Kade: How long have you been out there, now?

Stephanie: We moved onto our property in November of 2018, so it's only been a couple of years.

Kade: Tell me more about the food justice piece. Is that something that you're currently able to work with much on your farm? Are you selling to Latin markets?

Stephanie: We haven't been able to sell to Latin markets, but what we have been able to do is source from Latin markets. As I mentioned, our farm--what we have in production--is only about a tenth of an acre, and so many of our recipes have garlic and onion and garlic and cilantro, and some of the items we can't grow the volume that we would need. So we have partnered with other farms and markets in the area to source some of those items to fill the void of what we can and are able to grow on our land. We hope to move into that space eventually; we're still a young business, still trying to find our footing.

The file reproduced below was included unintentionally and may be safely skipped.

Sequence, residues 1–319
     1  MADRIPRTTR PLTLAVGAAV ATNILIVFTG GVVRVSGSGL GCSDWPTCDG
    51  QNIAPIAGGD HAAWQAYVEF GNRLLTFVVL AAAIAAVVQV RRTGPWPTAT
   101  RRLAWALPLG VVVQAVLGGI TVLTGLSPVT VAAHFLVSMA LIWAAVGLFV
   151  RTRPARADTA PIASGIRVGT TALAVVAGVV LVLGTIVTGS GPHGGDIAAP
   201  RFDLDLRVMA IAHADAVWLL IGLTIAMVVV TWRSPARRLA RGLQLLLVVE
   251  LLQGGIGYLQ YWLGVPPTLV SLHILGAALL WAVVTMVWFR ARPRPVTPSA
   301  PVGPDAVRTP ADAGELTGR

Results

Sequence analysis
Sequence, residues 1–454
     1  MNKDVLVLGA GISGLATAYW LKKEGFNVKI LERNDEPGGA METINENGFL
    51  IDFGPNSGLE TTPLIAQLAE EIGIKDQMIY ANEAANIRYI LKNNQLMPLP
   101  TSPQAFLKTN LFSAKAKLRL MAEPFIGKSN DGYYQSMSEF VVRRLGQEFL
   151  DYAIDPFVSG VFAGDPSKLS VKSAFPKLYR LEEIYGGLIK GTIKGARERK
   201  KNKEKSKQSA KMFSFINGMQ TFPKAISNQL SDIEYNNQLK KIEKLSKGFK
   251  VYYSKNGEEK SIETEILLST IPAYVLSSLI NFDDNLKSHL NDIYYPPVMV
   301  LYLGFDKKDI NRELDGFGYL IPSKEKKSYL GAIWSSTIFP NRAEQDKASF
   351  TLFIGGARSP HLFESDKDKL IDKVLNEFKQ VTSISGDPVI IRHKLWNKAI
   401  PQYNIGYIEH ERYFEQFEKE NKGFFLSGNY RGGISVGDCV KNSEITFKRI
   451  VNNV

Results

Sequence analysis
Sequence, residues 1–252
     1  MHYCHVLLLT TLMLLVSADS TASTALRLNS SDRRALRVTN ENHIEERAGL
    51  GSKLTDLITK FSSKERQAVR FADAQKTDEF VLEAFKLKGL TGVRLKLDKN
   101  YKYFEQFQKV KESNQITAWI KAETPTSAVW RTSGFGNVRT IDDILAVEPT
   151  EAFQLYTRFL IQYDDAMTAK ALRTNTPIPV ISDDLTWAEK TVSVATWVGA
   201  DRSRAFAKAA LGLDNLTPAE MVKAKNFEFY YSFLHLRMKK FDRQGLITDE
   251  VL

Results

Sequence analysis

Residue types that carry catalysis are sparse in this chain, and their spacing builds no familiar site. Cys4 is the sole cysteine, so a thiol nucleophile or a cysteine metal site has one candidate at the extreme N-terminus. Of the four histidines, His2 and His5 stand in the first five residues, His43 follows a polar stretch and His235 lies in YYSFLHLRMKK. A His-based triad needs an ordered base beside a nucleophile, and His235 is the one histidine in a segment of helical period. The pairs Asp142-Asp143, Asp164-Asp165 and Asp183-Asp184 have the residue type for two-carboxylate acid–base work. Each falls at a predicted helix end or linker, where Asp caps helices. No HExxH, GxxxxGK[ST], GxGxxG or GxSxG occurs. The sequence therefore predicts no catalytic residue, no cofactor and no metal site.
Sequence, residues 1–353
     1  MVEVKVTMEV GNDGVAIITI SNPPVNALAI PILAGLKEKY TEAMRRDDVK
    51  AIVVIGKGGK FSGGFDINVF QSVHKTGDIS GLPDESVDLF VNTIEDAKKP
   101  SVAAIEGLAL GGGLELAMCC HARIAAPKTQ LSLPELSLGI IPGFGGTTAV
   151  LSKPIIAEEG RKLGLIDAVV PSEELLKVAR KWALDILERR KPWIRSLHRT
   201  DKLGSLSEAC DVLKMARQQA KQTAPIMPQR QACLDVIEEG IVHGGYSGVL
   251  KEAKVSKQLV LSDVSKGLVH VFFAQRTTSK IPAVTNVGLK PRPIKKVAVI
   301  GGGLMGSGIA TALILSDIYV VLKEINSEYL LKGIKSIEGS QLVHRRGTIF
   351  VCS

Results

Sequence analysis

Kade: Well, that's really neat, though, and it reminds me a lot of what we're trying to do here at Patchwork, where we're trying to connect small farmers and growers and makers of all stripes to each other to have that kind of resource sharing. Like, If you don't grow enough of something, or don't have access to something, how do you source that locally and support someone else local for what you need, as well as what you're producing.

Stephanie: Yeah. And I think we're in the very early phases of that. So, our value-added products we launched in June of 2020, so it's a young line of products. As I mentioned, some of the sourcing we're able to collaborate with other farmers and markets, but I anticipate that that will really grow as the product line grows.